Thanks for Talking to Me

Thanks for Still Talking to Me

The belief or attitude of considering oneself superior to others is often referred to as “arrogance,” “narcissism,” or having a “superiority complex.”

Alan and I had become pretty good friends since the first time I visited our Winfield, Kansas plant. He was a Plant Engineer and I was an Industrial Engineer working out of our corporate offices in Easton, Pennsylvania. My role was to help the plant with improving productivity and looking at needed capital improvements and Alan was one of my chief contacts.

He was very laid back as are most people in Kansas, especially in small towns like Winfield, seem to be. He was very smart and he could always be counted on to get things done, although in the Midwestern way which is slower than we Northeasterners were and are used to.

Over time I advanced up the ladder to Manager and ultimately Director. My visits to Winfield decreased, but when I was there we always got together, even if I didn’t have business to deal with him on.

One day as we were meeting, out of the clear blue, Alan said to me, “Thanks for still talking to me”. I was kind of stunned and didn’t know how to respond. I got my composure and replied, “What?”.

He matter-a-factly said, “Well when other people get promoted like you have, they forget about folks like me and stop talking to us”. I was to say the least, stunned. Alan was a great guy and I loved to be with him. We had become friends and no matter where we both were on the corporate chain, that would never change.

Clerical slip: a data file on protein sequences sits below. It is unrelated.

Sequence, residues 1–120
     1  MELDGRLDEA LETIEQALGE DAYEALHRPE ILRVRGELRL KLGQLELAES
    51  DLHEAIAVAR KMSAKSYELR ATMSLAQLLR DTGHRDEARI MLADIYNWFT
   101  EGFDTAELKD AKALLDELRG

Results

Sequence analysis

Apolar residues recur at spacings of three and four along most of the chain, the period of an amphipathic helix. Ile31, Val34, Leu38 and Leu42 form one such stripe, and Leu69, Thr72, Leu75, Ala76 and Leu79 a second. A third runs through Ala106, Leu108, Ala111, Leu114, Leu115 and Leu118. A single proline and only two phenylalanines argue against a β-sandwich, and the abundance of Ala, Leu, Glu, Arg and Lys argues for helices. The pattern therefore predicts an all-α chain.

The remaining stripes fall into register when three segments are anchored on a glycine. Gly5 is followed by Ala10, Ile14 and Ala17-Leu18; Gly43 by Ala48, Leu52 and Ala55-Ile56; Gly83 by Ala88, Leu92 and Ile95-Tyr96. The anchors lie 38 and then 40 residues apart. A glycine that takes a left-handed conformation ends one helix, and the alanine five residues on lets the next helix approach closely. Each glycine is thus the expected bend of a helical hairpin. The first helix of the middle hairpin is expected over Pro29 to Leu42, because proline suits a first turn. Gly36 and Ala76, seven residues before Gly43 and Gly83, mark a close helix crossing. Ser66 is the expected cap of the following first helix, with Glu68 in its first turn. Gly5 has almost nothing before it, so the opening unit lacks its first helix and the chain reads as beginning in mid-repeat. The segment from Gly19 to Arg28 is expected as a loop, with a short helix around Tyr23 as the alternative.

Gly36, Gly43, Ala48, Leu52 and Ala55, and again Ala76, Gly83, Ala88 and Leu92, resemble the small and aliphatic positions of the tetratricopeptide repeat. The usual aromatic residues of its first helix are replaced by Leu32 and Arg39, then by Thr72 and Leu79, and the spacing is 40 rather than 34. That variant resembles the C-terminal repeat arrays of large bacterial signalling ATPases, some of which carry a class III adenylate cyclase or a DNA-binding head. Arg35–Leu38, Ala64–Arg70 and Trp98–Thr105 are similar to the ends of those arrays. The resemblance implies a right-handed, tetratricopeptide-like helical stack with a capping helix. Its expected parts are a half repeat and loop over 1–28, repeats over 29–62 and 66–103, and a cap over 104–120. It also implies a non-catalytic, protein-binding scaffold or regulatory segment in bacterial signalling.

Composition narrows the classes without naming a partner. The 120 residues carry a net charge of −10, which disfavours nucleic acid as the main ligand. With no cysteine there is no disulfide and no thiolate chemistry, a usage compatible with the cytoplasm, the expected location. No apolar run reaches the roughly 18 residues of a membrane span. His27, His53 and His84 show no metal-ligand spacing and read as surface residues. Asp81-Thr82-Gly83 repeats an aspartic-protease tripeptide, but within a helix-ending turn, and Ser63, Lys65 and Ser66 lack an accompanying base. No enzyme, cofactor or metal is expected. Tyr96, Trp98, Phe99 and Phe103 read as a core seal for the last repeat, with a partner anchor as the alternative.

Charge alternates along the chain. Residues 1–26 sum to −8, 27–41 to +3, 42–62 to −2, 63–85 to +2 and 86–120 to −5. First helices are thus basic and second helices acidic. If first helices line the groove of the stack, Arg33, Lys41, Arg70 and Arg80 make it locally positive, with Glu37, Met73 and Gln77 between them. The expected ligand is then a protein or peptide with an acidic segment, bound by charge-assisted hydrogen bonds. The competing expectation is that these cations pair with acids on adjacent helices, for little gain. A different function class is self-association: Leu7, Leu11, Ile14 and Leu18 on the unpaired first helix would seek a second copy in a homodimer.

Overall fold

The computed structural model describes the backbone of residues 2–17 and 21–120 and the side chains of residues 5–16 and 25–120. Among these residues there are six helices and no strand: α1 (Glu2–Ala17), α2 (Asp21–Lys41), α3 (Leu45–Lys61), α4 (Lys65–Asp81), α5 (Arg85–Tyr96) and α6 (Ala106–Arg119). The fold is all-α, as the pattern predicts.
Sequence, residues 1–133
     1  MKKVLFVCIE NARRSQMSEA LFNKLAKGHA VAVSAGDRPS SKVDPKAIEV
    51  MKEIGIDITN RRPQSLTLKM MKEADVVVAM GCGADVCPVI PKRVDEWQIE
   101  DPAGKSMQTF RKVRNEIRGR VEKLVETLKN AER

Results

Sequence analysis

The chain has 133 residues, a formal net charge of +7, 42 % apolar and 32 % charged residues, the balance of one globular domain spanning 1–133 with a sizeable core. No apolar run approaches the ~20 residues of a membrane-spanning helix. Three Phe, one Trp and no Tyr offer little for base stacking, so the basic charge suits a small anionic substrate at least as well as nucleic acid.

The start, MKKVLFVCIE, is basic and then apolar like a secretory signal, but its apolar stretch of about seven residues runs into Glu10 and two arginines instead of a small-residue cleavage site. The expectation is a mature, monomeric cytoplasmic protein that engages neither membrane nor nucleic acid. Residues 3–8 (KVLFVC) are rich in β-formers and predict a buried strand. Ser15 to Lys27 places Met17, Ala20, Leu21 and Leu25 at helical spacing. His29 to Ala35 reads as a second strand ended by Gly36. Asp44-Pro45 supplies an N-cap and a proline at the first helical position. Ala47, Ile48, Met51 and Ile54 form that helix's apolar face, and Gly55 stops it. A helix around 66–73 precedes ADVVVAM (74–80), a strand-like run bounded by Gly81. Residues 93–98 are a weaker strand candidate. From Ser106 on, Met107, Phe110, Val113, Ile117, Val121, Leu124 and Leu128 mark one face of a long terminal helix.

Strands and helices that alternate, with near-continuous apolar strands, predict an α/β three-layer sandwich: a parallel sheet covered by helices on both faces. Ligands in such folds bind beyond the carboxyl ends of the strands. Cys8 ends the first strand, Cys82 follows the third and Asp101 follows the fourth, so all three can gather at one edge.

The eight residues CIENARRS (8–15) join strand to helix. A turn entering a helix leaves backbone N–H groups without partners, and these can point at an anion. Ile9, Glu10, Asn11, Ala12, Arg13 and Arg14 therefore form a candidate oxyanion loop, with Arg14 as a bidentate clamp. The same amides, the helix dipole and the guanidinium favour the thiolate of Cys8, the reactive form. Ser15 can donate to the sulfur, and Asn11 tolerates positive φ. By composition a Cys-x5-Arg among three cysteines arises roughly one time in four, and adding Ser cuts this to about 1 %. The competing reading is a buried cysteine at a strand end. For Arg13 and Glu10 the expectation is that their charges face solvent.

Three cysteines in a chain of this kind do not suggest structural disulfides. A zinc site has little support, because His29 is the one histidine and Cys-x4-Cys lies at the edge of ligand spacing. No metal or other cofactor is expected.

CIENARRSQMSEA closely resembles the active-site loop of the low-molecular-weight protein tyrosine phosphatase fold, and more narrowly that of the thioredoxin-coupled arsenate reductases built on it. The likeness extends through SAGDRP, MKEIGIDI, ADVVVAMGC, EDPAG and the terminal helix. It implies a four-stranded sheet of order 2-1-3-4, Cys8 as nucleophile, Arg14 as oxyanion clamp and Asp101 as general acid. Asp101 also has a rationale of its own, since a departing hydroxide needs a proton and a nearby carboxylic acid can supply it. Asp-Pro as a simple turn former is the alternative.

I told him that I wasn’t like other folks and that our relationship was important to me and would always be so. But I was saddened to think that  some people, any people would have such a callous attitude towards others.

It is unfathomable to me that you could do something like that to someone, especially a friend.

“Whenever you feel superior or inferior to anyone, that’s the ego in you.”
― Eckhart Tolle

As I continued my corporate journey, I came across the type people who Alan had spoken about. Probably not the same folks because most of them had nothing to do with Operations and the plant in Kansas. They played the same game but at the corporate offices. In fact I had it happen to me, even at the Director level.

When we attended a corporate function, they would try to be with and sit with others they felt were more highly thought than I, of in the executive ranks, trying to curry favor with them. They didn’t realize they were dealing with those who felt and acted the same as they did, so it was pretty funny to see them getting rejected, but that didn’t stop them. Actually it was funny and sad  at the same time.

“The games people play now. Every night and every day now. Never meaning what they say now. Never saying what they mean.” – The Games People Play by Joe South

I never understand what goes through people’s minds. How they can hope to elevate themselves by ignoring their past and the supposed friends they made along the way.

I have always been more comfortable with the so called ordinary people than those who hold higher level positions.

The ordinaries are real. They tell you what they think, straight out. The higher level couch what they say. You never quite know where they stand and what they stand for.

And they are not trustworthy. Things you may say in confidence somehow have a way of getting back to you. That should always give you pause about what you say and who you say it to.

So, to the Alans of the world, I am so sorry that you get crummy treatment from those who think they are above you because of a job title. One Alan is worth more than all of those folks combined. Alan and others like him that I know will always be friends no matter what positions we hold. And I will always consider them friends of the best kind.

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